Glues: Elmer’s white glue has the advantage of being able to use water to soften the glue and reposition the part or take the model apart. Yellow wood glue dries water proof (can’t take the joint apart with water) but is easier to use in assembly than Elmer’s because it sets faster and “grabs” better. Aileen’s Tacky glue can be a good choice as it remains slightly pliable after drying allowing for minute adjustments and a little “give” in things. I am not as fond of working with it as it dries too quickly for my taste.

Glue technique: Get a coffee can plastic lid and pour out a button size dot of glue to use in construction. As the glue dries add another button. Glues can be diluted with glue for certain applications as well. Glue bottle tips will dry out and the current tips are a hassle to clean…Keep the cap closed while using your dot…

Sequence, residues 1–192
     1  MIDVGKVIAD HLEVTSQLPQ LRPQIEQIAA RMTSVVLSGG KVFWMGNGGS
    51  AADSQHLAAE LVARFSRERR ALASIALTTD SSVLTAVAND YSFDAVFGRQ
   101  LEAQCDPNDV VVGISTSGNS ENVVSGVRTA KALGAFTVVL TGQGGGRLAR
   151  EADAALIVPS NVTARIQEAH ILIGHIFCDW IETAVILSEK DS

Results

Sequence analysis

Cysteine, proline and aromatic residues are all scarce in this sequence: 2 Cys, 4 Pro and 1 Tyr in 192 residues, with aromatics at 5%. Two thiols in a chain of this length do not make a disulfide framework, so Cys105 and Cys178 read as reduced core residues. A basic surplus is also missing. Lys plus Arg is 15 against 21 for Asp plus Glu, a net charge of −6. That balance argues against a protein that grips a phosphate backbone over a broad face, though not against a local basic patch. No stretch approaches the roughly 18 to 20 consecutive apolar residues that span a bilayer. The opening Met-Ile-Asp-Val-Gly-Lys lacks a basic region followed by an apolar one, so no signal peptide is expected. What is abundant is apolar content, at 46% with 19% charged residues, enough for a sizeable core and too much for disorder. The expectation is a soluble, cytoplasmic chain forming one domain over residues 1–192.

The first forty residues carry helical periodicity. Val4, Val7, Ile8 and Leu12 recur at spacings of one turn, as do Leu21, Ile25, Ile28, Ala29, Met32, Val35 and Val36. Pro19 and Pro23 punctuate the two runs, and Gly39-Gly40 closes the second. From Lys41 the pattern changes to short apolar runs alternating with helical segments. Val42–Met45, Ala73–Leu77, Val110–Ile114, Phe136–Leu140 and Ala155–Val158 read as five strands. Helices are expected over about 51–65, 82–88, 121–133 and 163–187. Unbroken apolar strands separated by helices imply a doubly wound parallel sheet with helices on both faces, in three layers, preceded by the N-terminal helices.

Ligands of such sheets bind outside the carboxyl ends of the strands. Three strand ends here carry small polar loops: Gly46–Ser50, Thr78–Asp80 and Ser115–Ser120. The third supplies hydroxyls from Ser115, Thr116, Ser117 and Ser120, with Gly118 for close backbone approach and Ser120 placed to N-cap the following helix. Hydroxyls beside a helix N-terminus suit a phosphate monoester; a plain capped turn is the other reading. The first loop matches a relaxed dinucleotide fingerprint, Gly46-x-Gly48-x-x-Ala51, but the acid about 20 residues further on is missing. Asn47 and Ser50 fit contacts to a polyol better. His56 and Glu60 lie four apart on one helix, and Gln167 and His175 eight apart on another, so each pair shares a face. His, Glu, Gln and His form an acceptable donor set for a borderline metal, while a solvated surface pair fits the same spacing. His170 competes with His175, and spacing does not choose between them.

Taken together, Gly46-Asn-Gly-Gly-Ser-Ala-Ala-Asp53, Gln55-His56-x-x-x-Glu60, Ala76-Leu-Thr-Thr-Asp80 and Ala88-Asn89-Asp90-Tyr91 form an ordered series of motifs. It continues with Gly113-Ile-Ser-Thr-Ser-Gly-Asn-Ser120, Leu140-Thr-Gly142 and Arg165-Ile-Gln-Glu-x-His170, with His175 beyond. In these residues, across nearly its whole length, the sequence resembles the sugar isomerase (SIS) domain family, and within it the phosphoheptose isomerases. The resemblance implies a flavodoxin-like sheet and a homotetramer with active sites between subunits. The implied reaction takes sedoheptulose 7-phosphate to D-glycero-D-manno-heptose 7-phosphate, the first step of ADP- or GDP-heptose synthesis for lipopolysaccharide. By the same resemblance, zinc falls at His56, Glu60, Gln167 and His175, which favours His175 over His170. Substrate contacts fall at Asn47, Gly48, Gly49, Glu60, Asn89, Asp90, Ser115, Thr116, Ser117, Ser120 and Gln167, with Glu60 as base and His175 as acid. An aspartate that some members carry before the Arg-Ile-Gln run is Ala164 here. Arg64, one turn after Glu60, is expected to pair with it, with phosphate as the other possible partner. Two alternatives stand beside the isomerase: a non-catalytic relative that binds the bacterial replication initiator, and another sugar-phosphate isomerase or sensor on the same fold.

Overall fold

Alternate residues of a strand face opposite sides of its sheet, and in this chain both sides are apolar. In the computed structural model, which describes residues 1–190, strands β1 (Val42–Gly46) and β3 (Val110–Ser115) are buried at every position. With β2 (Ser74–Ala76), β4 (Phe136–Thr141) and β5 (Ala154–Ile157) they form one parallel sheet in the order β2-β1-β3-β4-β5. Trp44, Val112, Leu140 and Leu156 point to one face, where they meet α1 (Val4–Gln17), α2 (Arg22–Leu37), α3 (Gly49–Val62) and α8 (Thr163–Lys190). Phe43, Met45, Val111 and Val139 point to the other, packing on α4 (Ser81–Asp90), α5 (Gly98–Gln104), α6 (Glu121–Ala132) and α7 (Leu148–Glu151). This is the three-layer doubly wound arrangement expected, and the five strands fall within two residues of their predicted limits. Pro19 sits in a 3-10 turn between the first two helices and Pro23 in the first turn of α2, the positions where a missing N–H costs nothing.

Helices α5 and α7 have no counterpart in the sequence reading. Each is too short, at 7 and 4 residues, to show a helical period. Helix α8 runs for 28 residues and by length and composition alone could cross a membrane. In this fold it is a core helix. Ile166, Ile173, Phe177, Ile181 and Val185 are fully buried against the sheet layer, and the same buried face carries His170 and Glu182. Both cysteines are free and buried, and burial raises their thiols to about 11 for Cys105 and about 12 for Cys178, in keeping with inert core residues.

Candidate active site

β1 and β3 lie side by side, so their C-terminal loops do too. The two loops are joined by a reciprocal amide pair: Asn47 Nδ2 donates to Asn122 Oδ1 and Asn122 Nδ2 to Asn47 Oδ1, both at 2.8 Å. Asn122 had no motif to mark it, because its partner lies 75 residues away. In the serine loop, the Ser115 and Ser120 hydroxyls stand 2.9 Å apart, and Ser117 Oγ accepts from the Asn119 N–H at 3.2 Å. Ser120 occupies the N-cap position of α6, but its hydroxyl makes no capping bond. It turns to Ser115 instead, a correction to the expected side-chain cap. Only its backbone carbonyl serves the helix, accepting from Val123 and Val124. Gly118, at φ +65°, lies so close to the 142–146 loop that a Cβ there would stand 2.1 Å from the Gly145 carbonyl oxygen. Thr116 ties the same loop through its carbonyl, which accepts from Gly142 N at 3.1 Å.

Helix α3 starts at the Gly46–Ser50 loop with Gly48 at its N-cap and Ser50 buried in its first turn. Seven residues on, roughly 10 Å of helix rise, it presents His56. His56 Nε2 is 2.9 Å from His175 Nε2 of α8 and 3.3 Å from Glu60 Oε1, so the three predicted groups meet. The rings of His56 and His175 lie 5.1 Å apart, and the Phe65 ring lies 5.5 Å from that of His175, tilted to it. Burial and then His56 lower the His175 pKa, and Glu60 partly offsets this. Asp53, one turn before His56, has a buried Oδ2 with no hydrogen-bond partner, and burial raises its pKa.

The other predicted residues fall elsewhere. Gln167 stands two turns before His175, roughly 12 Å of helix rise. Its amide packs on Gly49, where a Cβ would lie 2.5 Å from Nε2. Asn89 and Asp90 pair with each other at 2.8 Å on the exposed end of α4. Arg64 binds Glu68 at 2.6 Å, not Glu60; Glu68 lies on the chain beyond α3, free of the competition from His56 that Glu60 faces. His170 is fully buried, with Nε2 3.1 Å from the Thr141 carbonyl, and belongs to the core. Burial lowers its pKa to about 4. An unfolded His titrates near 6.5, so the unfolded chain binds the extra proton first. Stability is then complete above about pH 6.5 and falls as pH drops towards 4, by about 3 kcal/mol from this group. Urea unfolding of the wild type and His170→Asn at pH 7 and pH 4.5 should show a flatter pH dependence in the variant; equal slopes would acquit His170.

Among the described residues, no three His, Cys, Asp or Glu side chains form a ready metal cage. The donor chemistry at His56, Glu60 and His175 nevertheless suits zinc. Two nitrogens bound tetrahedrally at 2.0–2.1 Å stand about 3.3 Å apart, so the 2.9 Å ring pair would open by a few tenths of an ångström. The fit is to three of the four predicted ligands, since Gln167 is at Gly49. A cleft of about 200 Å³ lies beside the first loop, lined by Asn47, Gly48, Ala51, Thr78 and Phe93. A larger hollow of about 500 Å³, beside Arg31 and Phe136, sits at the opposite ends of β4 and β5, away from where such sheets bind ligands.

I love the look of wood and have many structures, decks, trestles, flat car decks and water tanks made from weathered wood. 

Way too much from me,



see stuff at: the Willoughby Line Site

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Posted by HO-Velo on Thursday, September 17, 2020 6:41 PM

Check out, on the bottom right of their homepage is 'how to articles' lot of good info on staining & inking wood.

Regard, Peter

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Posted by SpaceMouse on Thursday, September 17, 2020 8:44 PM

I use various washes made from watered-down acrylic paint. Raw umber, dark gray, and light gray are most common.


Building the Rock Ridge Railroad with the slowest construction crew west of the Pecos.

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Posted by pt714 on Thursday, September 17, 2020 9:42 PM

Dissolve a ball of #0000 steel wool in a small jar of white vinegar. The two react and form iron acetate, which when brushed or dipped lends a beautiful grey weathered look to wood. I've used it all over my small layout-- you can augment the effect and get different tones by pre-treating the wood with over-steeped black tea (I forget the science, but the tannins do something to accelerate the effect of the iron acetate on the wood.)